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The PDI Squirt Shape™ 3D Printer
The Squirt ShapeTM machine was originally developed by Josh Rolock in the late 1980’s as a PhD student at Northwestern University. After the project was cut and defunded, Prosthetic Design, Inc. (PDI) privately funded and further developed the machine. In 2009, PDI’s sister company, Dayton Artificial Limb Clinic (DALC), began selectively fitting patients with PDI Printed Sockets. After observing a better fitting device and satisfied patients, DALC converted all patients to PDI Printed Sockets in 2013.
The PDI Squirt ShapeTM 3D Printer is unlike any other additive manufacturing device. Our device is capable of 3D printing structurally sound prosthetic sockets due to it’s continuous, spiral printing technique, which allows the final product to be extremely strong and durable. The PDI Printer can extrude 28 times more material per minute than your typical 3D printer. As a result, the average print-time for a transtibial socket is approximately 1 ½ hours, and 2 ½ hours for a transfemoral socket.
The most shocking aspect of the socket itself is its ridges. The cylindrical printing method we utilize leaves a ridge for each layer, which can be minimized by modifying extruder parameters. However, we have found through clinical application that our textured sockets allow our patients to experience a better fit by providing more surface area for the liner to interface with, thus more friction and less movement of the patient’s limb.
Commonly Asked Questions
Dayton Artificial Limb started fitting patients in 2009 and have seen no failures to date. The proprietary material used by the PDI Printer and the amount of material the machine can extrude allows for a high-strength device.
Vice Clamp Demonstration
The printed socket is textured due to ridges at each layer. Socket texture can be alarming when observing for the first time, especially when we have been taught and trained that everything should be smooth. Clinically, we have seen this to improve the fit of the socket. Each groove increases the surface area at the liner-socket interface, thus increasing static friction which reduces movement within the socket. PDI is currently collaborating with Northwestern University on research project funded by the Department of Defense to obtain data on textured sockets (see link for details: http://www.nupoc.northwestern.edu/research/projects/lowerlimb/nolongersmooth.html#nolongersmooth).
Amputees wear a liner that is anywhere from 3-9mm thick and cannot feel the texture, nor is anything present that can damage their skin.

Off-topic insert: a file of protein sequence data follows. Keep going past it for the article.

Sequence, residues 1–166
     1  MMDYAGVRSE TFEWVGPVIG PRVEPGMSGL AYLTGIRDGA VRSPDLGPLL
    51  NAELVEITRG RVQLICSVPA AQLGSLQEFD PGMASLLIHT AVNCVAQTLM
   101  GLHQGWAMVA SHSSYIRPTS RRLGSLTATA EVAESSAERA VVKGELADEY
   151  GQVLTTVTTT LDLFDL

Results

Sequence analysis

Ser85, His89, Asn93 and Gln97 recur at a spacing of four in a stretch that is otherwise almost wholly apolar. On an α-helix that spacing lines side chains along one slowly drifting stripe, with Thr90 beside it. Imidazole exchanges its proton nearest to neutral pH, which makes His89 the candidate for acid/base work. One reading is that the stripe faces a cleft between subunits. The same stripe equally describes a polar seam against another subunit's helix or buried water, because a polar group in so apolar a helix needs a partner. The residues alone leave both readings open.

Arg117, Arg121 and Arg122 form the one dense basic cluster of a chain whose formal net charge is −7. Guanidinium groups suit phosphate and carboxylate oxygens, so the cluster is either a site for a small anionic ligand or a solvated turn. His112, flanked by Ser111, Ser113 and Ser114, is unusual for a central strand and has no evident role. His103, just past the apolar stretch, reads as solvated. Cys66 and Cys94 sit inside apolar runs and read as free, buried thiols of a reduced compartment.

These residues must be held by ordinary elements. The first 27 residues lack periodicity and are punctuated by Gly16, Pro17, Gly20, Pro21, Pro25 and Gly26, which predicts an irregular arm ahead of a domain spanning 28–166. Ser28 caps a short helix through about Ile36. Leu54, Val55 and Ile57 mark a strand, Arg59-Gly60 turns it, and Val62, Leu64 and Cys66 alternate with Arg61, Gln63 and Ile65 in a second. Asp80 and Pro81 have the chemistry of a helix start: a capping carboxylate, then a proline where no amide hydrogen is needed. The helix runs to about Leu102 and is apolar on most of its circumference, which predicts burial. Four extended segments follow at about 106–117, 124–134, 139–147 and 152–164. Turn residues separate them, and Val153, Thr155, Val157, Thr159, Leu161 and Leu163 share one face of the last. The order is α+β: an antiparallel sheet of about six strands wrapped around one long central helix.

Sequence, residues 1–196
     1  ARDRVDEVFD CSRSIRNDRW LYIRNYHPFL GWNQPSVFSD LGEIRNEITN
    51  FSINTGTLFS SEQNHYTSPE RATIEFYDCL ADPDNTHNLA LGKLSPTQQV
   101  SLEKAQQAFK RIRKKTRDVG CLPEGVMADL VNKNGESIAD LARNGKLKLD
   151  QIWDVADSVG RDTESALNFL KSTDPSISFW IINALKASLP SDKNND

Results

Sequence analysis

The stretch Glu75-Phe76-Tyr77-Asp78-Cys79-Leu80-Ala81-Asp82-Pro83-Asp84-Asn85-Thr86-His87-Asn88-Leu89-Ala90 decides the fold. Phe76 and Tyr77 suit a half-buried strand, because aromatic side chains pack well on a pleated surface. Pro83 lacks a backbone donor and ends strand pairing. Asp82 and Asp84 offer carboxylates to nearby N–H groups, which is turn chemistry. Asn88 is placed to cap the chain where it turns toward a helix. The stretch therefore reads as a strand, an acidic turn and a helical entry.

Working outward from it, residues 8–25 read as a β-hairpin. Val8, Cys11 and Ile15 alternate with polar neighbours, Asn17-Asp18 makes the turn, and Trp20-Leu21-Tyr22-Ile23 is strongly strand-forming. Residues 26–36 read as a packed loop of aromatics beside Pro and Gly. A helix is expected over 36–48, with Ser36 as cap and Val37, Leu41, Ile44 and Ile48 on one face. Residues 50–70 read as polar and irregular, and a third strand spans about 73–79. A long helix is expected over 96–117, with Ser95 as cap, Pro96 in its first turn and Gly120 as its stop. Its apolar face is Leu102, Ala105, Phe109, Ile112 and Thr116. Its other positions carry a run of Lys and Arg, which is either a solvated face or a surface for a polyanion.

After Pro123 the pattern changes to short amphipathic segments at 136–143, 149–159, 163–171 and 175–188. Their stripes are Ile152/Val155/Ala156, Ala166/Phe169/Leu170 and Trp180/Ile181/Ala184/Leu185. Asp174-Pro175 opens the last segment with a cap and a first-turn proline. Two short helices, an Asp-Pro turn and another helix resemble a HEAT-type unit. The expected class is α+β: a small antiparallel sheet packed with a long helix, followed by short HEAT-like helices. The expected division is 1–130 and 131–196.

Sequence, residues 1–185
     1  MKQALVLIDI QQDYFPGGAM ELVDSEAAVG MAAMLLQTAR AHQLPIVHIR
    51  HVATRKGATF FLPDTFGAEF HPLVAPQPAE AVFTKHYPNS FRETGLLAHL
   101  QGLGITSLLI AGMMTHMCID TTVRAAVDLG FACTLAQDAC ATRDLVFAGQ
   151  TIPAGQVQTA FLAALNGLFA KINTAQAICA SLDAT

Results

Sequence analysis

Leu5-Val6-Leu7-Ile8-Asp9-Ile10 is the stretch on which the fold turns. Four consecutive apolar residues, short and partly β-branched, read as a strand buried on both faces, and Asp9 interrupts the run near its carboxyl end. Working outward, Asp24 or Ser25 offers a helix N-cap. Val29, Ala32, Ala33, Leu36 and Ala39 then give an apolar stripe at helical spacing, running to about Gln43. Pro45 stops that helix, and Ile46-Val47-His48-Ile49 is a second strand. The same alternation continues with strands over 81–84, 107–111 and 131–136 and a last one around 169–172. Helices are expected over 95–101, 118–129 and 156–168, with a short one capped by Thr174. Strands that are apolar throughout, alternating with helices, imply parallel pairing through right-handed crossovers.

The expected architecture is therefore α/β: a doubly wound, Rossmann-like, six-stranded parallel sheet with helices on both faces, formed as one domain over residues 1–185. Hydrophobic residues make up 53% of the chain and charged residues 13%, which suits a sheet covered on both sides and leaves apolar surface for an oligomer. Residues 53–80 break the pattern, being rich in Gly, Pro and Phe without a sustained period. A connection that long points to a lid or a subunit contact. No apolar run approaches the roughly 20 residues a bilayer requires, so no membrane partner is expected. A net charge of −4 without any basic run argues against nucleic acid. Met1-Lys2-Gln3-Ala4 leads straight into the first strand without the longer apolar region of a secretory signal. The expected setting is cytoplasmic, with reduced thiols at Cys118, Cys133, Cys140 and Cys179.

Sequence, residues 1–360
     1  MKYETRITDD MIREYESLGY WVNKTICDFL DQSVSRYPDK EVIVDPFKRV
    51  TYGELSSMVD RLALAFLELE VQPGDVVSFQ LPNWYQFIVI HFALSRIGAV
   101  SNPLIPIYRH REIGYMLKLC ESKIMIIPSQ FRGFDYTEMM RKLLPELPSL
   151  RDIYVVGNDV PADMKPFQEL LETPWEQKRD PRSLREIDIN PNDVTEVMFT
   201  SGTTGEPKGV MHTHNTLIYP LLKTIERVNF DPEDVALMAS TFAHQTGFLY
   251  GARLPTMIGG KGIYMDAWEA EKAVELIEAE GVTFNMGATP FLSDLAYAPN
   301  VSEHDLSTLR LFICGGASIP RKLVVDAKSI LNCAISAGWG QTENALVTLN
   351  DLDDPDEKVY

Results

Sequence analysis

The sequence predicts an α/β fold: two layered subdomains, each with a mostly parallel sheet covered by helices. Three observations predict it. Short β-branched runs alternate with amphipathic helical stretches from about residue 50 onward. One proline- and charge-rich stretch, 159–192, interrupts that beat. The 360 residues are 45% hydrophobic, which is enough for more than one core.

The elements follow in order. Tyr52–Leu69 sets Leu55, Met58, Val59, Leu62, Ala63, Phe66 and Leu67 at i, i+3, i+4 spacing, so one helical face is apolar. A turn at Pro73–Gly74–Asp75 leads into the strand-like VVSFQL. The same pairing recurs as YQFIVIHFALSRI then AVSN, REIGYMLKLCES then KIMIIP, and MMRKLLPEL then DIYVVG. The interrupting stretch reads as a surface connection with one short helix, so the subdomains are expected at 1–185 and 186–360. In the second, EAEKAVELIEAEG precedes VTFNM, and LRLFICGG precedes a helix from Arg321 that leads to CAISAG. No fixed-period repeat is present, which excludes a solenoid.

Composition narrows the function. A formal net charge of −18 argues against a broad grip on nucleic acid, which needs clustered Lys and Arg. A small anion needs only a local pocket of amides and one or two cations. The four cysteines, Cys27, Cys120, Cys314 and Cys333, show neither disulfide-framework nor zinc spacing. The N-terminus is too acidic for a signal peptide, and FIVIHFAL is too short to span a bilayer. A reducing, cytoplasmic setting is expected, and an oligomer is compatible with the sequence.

PDI Printed Sockets
Clinically, we have not seen any liner breakdown due to the texture. Dayton Artificial Limb Clinic, Inc. has been fitting 100% of their patients with PDI Printed Sockets since 2013. From our experience, we have concluded liners do not see additional wear due to texture because less movement within the socket. Less movement due to texture minimizes shearing and wear.
PDI Printed Socket System
PDI currently fabricates off-the-shelf and custom liners. As you can see in the figure below, these mate up perfectly because the liner is made with 3D printed molds and have inherent texture from the print. DALC fits 85% of my patients with this type of liner. Other types of liners from Otto Bock and Ossur, for example have also coupled well with the socket according to clinical experience by ourselves and central fab customers.
Bisected PDI Printed Socket System
The PDI Printer’s setting can be adjusted to obtain different texture configurations (as shown below). Contrastingly, the ridges can also be minimized by altering the machine’s settings, but this extends the print-time and does not cause the socket to be completely smooth.
Example Socket Texture Configurations
You can smooth out the lines with a torch after the socket is printed (see example below). We do have to do this with my AK amputees that have an internal seal like Ossur’s Seal-In liners. The print process is a constant spiral from the distal to proximal end, thus a channel for air to leak. We heat a 50mm region at the seal height of our BK sockets as well to produce a more sufficient seal.
Clinically, it has been determined approximately 2mm texture is the maximum amount that should be implemented for BK sockets. This is due to prominent boney structures. The maximum allowed texture for AK sockets has not been determined. The printer program currently maxes out at around 8mm depth, which is sufficient when fitting patients. Below you will see one of our AK sockets that this patient has been wearing for the past 2 years. This specialized texture helps control soft tissue by increasing surface area.
Texture Configuration for Controlling Soft Tissue